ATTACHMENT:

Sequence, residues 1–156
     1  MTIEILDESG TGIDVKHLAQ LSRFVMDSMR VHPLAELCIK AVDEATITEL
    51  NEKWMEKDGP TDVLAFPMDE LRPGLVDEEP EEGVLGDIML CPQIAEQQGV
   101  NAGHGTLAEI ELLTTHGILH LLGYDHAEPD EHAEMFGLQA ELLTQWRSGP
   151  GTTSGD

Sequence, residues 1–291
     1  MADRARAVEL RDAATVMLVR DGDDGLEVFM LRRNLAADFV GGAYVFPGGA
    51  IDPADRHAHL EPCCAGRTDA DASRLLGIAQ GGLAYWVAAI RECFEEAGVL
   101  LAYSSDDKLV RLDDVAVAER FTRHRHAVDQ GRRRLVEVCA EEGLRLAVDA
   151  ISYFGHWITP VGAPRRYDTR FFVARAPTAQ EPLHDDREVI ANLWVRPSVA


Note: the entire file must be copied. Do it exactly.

Sequence, residues 1–156
     1  MTIEILDESG TGIDVKHLAQ LSRFVMDSMR VHPLAELCIK AVDEATITEL
    51  NEKWMEKDGP TDVLAFPMDE LRPGLVDEEP EEGVLGDIML CPQIAEQQGV
   101  NAGHGTLAEI ELLTTHGILH LLGYDHAEPD EHAEMFGLQA ELLTQWRSGP
   151  GTTSGD

Sequence, residues 1–291
     1  MADRARAVEL RDAATVMLVR DGDDGLEVFM LRRNLAADFV GGAYVFPGGA
    51  IDPADRHAHL EPCCAGRTDA DASRLLGIAQ GGLAYWVAAI RECFEEAGVL
   101  LAYSSDDKLV RLDDVAVAER FTRHRHAVDQ GRRRLVEVCA EEGLRLAVDA
   151  ISYFGHWITP VGAPRRYDTR FFVARAPTAQ EPLHDDREVI ANLWVRPSVA